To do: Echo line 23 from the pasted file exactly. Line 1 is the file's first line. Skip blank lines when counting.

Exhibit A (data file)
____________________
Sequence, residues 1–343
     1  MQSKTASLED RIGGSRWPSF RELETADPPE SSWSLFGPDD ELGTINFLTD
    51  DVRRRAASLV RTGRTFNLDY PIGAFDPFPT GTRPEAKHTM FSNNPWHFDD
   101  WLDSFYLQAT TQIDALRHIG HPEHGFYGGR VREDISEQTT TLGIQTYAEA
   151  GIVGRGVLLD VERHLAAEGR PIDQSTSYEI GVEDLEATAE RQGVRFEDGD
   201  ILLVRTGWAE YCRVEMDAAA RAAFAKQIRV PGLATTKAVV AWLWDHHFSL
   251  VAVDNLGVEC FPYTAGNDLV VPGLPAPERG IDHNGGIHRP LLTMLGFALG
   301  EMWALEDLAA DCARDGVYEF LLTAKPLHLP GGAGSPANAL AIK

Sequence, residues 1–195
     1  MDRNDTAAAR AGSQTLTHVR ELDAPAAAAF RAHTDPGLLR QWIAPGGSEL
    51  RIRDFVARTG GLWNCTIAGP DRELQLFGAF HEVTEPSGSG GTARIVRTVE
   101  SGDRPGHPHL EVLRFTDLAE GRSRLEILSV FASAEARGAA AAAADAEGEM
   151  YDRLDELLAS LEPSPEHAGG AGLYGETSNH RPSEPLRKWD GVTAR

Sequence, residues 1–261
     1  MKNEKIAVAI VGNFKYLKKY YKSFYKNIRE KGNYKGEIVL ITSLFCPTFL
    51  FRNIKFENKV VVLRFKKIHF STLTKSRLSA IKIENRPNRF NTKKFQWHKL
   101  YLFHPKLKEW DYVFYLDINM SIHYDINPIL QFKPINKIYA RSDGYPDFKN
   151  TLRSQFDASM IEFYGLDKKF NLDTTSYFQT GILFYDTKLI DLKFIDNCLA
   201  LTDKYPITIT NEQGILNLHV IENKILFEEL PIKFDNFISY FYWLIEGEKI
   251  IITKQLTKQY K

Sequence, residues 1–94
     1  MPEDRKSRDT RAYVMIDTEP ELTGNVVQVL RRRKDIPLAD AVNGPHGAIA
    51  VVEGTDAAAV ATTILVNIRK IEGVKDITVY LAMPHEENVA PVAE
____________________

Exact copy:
    51  VVEGTDAAAV ATTILVNIRK IEGVKDITVY LAMPHEENVA PVAE